Pundit, MP want funeral grants for Hindus denied right to open-air cremation

An attendant tends to a burnt funeral pyre of a non-covid victim at the Caroni Cremation Site, North Bank Road, Caroni on Friday. - ROGER JACOB
An attendant tends to a burnt funeral pyre of a non-covid victim at the Caroni Cremation Site, North Bank Road, Caroni on Friday. - ROGER JACOB

BOTH the Paramachyra of Hindu organisation SWAHA, Pundit Hardeo Persad, and Couva South MP Rudy Indarsingh have welcomed the lifting restrictions on open-air pyre cremation for Hindus who have died from covid19.

Now that the ban has been lifted, with no solid reason for its imposition in the first place, they are asking for some form of compensation for families who would have experienced considerable financial losses for cold storage and indoor cremation.

While open-air pyre cremation costs under $10,000, Hindu families found themselves having to pay upwards of $30,000 to bury their loved ones given the limited number of indoor cremations and cost to keep the bodies until disposal.

Persad commended Government, “for finally seeing the light to allow open-pyre cremations.”

He also thanked the Hindu organisations which collectively fought to ensure this age-old practice of Hinduism is maintained.

“This united effort is indeed commendable. The issue of the ban on open-pyre funerals for victims of covid19 was long overdue and we are very happy to have been finally relieved of this problem.”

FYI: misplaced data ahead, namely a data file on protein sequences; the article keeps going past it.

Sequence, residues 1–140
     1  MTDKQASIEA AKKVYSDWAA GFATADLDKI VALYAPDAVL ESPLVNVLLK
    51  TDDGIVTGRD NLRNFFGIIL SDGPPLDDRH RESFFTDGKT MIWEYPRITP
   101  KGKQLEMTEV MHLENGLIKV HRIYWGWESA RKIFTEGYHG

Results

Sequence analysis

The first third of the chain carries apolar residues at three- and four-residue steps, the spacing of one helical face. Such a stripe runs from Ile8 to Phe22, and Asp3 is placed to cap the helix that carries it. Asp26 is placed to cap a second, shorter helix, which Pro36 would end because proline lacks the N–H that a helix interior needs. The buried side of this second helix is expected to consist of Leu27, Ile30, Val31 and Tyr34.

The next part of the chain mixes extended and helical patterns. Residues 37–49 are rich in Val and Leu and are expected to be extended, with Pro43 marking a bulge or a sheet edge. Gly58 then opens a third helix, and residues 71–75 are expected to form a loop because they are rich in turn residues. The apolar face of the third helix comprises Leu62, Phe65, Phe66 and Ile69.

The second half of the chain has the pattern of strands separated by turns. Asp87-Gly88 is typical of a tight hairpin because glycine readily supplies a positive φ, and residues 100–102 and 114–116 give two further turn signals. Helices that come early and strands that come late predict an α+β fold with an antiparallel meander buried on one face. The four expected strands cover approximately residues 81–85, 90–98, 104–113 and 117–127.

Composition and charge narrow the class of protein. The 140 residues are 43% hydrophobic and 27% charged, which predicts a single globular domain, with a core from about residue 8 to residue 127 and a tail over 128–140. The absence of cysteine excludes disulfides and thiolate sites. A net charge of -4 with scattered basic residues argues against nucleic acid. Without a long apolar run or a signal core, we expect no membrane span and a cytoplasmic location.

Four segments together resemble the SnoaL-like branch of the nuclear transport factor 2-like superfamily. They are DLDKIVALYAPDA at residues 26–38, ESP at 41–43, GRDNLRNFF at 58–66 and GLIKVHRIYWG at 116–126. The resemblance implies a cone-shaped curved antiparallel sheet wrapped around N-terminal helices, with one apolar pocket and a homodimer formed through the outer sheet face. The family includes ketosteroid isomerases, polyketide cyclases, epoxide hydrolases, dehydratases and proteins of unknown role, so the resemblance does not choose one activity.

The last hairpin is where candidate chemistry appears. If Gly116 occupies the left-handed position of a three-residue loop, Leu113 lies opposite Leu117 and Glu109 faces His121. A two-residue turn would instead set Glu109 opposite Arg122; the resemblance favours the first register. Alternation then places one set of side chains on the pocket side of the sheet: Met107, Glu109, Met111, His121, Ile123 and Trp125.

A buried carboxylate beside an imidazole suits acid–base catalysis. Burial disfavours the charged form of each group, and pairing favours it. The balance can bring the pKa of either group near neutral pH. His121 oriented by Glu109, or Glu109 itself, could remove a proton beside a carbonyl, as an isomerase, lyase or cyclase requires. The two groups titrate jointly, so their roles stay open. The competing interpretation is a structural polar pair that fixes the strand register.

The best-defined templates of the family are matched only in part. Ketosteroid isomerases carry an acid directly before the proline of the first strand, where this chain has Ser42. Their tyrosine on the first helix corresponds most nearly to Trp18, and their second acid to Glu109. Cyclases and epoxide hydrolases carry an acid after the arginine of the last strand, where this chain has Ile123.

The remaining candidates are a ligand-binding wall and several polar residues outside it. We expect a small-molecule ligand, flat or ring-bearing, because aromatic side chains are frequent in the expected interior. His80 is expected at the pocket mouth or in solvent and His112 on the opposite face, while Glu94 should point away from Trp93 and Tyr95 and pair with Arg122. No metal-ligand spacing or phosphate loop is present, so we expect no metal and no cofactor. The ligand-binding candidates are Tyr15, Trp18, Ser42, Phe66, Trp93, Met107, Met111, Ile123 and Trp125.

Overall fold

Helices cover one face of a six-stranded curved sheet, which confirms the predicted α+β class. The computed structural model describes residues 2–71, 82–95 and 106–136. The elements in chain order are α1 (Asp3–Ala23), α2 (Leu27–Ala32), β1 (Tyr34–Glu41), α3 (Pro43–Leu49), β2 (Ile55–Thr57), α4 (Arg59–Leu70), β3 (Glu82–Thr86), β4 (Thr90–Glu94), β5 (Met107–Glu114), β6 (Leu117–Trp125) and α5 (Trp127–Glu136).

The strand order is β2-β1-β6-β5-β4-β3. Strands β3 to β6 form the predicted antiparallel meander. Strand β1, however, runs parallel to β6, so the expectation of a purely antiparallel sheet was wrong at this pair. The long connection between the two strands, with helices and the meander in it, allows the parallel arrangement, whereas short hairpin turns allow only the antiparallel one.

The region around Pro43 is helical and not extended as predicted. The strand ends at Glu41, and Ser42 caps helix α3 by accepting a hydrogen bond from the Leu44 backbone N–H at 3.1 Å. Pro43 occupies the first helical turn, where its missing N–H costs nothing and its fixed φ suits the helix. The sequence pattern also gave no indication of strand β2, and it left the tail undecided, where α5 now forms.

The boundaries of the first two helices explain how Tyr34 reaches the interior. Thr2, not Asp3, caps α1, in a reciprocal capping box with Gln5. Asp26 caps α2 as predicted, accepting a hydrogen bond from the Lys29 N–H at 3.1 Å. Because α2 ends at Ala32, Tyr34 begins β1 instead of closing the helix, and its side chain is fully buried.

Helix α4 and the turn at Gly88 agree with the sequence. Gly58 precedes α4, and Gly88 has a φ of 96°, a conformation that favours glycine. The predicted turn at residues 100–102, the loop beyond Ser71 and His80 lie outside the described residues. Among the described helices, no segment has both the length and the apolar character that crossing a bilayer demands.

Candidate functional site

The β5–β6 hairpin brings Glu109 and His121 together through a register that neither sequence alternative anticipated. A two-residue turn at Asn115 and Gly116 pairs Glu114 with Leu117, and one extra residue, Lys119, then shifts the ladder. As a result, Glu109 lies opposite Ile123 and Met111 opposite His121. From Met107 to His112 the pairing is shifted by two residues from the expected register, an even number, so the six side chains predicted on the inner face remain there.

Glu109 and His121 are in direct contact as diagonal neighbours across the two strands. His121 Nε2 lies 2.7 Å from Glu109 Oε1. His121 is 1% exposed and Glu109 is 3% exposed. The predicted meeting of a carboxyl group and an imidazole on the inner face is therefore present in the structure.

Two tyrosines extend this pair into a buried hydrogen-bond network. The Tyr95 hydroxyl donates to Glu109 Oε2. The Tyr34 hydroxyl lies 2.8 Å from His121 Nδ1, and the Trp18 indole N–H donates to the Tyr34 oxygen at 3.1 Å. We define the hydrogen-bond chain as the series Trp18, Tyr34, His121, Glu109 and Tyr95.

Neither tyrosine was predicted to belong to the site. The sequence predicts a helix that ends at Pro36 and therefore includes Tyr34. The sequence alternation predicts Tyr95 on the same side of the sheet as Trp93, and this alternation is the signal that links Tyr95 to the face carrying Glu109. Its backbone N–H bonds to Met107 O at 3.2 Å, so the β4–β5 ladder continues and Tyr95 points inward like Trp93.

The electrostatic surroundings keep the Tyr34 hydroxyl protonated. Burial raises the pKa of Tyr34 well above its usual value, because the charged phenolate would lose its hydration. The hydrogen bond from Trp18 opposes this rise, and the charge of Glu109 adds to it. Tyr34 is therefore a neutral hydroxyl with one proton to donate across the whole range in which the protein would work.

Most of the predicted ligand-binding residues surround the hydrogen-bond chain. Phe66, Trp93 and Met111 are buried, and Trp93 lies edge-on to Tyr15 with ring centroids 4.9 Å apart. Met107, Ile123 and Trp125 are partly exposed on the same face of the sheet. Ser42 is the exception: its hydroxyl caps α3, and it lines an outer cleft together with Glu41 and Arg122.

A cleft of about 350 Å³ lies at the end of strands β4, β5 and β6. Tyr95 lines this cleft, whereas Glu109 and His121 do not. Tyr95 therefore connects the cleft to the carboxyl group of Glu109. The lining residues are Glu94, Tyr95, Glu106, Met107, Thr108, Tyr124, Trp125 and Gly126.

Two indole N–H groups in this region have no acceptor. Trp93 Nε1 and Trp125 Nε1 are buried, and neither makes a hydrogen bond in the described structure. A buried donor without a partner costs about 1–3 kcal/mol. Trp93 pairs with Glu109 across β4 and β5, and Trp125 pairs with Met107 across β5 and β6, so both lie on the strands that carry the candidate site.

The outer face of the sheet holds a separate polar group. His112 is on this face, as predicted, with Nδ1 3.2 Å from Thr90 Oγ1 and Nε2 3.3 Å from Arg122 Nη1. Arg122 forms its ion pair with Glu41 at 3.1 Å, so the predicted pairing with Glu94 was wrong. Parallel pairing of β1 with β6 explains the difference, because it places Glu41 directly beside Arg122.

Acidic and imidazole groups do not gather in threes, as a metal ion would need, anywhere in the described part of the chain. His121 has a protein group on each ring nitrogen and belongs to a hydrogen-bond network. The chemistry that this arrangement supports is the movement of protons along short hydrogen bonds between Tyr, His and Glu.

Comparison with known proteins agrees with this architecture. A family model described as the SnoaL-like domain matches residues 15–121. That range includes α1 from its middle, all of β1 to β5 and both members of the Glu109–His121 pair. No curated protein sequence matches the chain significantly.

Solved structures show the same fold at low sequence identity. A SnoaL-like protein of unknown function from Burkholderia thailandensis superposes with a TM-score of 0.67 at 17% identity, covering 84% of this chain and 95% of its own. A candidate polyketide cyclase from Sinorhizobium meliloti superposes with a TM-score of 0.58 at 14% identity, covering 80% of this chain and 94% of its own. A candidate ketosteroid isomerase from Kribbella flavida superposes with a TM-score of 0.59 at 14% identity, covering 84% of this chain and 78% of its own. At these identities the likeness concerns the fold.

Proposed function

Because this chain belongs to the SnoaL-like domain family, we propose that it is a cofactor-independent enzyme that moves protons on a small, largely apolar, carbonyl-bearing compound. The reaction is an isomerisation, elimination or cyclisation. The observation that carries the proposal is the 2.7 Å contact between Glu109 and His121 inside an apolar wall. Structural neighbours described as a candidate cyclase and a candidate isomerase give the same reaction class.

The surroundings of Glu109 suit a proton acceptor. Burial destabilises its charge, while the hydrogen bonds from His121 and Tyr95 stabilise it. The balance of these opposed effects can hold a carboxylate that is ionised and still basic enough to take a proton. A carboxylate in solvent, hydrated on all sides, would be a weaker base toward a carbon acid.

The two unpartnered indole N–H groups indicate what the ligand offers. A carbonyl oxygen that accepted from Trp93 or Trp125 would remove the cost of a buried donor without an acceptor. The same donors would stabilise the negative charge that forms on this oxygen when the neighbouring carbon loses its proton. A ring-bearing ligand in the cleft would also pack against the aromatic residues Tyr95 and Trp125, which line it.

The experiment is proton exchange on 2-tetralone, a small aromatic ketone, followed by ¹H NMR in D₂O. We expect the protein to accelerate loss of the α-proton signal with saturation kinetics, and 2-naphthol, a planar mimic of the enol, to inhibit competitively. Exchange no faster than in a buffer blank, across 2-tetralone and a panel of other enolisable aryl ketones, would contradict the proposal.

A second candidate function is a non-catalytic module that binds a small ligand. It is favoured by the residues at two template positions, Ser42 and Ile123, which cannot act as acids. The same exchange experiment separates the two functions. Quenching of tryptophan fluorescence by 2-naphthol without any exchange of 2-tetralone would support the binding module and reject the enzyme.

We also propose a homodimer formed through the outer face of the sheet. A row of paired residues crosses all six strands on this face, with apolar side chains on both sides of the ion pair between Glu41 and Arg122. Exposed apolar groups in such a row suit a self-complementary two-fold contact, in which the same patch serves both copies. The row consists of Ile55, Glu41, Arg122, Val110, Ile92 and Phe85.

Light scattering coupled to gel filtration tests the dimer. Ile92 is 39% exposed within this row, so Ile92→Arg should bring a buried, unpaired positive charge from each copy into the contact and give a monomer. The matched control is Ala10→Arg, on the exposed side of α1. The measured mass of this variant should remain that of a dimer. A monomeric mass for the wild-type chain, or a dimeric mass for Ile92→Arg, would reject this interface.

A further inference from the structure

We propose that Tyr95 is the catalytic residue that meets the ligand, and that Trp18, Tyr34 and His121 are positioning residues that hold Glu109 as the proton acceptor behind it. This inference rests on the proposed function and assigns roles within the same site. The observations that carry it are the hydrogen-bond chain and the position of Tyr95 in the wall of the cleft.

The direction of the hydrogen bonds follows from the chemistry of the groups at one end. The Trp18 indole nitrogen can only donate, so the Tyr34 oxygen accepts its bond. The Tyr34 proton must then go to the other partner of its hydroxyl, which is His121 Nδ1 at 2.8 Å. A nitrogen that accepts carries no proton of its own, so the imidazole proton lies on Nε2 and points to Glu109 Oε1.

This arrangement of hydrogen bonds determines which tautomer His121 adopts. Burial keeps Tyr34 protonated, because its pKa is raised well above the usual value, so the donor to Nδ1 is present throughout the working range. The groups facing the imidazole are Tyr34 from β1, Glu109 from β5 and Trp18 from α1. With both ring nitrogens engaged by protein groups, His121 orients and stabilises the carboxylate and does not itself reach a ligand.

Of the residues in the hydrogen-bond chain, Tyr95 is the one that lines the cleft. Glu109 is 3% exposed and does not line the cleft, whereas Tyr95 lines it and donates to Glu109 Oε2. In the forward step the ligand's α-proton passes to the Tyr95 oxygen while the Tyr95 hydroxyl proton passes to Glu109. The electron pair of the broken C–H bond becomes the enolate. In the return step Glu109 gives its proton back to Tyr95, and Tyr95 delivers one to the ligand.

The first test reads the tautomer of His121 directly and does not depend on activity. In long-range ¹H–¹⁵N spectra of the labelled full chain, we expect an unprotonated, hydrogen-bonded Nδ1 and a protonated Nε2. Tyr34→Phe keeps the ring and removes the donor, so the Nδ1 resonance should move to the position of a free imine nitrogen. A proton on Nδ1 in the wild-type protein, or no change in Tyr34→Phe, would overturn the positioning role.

Persad added, “To date, there is no evidence to tell that persons have become infected by exposure to dead bodies of covid19 victims. In India, thousands of bodies have been cremated openly. In fact, additional makeshift funeral pyres were built there as the death numbers grew.”

He said SWAHA extended sympathy to the families "subjected to the crematorium" for the disposal of their dead and what he said were the exorbitant costs that followed.

“Such a misfortune has been a strain on the families. Is there some way that reimbursement can be done?"

Indarsingh, who had been one of the advocates for the lifting of the ban, greeted the government's decision with a mixture of satisfaction and concern.

He said much of the financial and social injury caused by the ban could have been avoided had there been thorough and meaningful consultations with religious agencies from inception.

“After hundreds of covid19 victims have been denied their right to an open-air pyre cremation, and after thousands of dollars spent by poor families on increased funeral prices, this Government should be ashamed and condemned for insinuating that it had solved a problem for which, incidentally, it was solely responsible.

“If the Prime Minister, the Attorney General, the Health Minister and the PNM followed the science to ban open-air pyre cremations, then what new science revealed itself to cause the Government to reverse its ban?" Indarsingh questioned.

"Now that open-air pyre cremations are permitted, I am mindful of the families of covid19 victims which faced tremendous financial hardships to bury and cremate their loved ones at higher-than-usual prices.

“I am calling on the Government to show tangible remorse for its poor decision making, and to institute a covid19 Compassionate Funeral Grant, which would refund a portion of the funeral costs paid by the families of covid19 victims.”

He suggested that these monies can be paid either in the form of a grant or in the form of a tax return which can be claimed by the deceased's next of kin.

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"Pundit, MP want funeral grants for Hindus denied right to open-air cremation"

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